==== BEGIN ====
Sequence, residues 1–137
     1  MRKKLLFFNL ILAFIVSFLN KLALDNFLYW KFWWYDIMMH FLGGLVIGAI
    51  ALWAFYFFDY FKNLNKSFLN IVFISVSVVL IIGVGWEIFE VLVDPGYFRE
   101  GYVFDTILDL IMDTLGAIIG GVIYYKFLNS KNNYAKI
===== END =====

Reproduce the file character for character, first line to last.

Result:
Sequence, residues 1–137
     1  MRKKLLFFNL ILAFIVSFLN KLALDNFLYW KFWWYDIMMH FLGGLVIGAI
    51  ALWAFYFFDY FKNLNKSFLN IVFISVSVVL IIGVGWEIFE VLVDPGYFRE
   101  GYVFDTILDL IMDTLGAIIG GVIYYKFLNS KNNYAKI